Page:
How Diverse is Columbia, and Howard County MD?

The website WalletHub says Columbia, Maryland is among the 100 most diverse cities in the U.S., but surpassed by several cities in Montgomery County, Maryland. Of course, diversity is one of Columbia’s values that was radical 50 years ago and clearly has been an important reason that many people moved here. It is an economic driver that is important for any city to embrace. 

The WalletHub study considered diversity as more than just ethno-racial and economic diversity.  Its findings were cause for a lively discussion on the Facebook page, Celebrating Columbia Maryland and its Future. I decided to delve into the issue a bit more. 

By Elizabeth Janney (Columbia Patch) – May 16, 2016

COLUMBIA, MD — Columbia was named to the 2016 “Most Diverse Cities in America” list. WalletHub, an online financial resource and services website for individuals and businesses, recently released a study of the most diverse cities in the nation. Criteria included social class, ethno-racial, household and economic diversity, and more.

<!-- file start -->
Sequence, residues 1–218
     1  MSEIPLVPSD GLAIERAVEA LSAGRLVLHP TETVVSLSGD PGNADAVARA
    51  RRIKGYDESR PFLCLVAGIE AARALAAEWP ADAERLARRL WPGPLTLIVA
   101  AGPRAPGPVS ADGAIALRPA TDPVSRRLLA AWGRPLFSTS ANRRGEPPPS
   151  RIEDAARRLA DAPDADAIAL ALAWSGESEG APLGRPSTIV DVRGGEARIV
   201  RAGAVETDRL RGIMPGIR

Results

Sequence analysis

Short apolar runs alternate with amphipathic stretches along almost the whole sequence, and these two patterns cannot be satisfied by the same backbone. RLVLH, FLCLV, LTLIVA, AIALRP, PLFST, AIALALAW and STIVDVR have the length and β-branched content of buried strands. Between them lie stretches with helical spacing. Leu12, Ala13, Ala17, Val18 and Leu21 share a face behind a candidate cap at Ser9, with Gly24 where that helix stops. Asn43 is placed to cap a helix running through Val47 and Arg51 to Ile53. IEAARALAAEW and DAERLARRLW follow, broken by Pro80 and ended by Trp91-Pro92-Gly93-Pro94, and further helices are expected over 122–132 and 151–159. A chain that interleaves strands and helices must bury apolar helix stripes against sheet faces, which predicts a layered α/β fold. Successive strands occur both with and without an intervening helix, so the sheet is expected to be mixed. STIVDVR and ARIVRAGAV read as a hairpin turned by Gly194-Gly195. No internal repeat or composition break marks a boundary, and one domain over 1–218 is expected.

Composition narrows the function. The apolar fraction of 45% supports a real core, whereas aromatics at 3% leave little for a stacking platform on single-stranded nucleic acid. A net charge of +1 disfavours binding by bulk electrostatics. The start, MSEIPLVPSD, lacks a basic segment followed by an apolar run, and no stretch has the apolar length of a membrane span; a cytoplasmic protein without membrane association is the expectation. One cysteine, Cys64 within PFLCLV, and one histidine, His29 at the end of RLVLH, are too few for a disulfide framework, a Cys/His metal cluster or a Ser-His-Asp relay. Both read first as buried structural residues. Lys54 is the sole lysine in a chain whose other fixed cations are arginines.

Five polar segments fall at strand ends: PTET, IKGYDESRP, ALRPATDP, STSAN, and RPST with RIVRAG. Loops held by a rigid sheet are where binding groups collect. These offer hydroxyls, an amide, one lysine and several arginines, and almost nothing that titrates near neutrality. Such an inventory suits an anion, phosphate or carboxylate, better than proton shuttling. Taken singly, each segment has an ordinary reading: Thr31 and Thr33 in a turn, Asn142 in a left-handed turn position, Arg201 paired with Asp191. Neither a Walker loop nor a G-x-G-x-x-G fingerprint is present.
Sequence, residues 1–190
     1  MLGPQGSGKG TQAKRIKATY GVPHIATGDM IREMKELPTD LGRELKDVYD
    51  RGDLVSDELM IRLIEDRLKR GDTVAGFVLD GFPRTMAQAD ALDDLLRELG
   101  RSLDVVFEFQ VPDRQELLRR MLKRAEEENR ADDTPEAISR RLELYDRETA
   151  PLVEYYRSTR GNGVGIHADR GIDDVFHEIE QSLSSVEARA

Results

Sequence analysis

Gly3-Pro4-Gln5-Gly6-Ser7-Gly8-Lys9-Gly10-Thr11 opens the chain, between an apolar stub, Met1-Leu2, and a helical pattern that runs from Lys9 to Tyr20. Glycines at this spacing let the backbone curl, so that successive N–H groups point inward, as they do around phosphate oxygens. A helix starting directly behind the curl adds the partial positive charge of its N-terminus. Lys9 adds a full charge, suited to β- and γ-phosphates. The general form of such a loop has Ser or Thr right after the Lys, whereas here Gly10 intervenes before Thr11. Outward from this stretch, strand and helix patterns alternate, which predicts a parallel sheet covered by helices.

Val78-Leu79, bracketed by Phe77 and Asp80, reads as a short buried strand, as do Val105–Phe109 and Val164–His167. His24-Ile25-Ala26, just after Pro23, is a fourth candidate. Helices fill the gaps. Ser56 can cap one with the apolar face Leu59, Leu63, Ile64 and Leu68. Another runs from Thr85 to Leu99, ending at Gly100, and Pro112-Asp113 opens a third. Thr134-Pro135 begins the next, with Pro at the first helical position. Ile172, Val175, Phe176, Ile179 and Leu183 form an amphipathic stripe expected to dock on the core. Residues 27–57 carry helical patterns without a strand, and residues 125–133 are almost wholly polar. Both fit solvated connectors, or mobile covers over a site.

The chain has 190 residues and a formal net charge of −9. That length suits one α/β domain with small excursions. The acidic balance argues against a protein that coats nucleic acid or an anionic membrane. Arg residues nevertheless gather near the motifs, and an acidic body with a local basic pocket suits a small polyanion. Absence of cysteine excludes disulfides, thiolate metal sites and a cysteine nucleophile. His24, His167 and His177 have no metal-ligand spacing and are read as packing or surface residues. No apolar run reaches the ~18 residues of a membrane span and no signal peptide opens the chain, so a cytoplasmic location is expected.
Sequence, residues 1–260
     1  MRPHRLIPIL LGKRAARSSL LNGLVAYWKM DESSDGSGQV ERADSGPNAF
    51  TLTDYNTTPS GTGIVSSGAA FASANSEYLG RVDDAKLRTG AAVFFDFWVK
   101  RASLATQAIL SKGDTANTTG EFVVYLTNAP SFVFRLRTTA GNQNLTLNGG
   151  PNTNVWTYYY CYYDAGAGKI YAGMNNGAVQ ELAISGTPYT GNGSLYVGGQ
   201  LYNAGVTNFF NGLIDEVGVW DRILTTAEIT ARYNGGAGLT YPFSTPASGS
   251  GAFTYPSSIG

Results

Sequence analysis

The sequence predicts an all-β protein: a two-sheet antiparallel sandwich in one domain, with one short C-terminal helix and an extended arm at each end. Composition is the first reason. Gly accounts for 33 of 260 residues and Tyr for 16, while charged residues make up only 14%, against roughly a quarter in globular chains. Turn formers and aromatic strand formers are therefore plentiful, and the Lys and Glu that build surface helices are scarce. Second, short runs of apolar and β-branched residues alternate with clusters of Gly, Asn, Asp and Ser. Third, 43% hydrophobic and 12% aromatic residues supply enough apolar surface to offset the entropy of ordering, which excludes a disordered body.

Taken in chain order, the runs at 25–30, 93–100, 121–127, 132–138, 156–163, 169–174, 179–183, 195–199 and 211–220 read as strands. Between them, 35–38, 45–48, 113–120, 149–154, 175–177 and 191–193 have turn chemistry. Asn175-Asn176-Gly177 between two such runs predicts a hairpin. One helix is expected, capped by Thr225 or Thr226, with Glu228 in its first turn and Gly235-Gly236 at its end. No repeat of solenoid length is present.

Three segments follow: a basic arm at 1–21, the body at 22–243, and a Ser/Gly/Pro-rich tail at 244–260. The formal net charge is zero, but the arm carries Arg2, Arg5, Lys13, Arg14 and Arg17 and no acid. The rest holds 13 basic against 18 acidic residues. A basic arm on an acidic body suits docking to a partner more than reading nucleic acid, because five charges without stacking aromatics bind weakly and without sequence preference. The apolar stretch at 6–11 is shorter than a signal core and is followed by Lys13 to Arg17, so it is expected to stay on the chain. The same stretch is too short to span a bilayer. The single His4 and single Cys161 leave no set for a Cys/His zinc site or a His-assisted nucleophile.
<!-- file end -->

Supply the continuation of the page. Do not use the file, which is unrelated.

Columbia is number 70.

Four Montgomery County communities were in the top 20: Gaithersburg at No. 1, Silver Spring at No. 4, Germantown at No. 5 and Rockville at No. 14. New York came in at No. 6 on the list. The No. 2 ranking went to Jersey City, N.J., followed by Oakland, Calif. Study authors said the least diverse city in the country is Detroit.

by Richie Bernardo (WalletHub)

America is undergoing an extreme makeover, thanks to rapid demographic diversification. . . . As a result of the fresh perspectives, skills and technologies brought in by newcomers, the U.S. has developed a strong adaptability to change. Economies generally fare better when they openly embrace and capitalize on new ideas, according to the United Nations Industrial Development Organization. Conversely, those relying on old ways and specialized industries tend to be more susceptible to the negative effects of market volatility.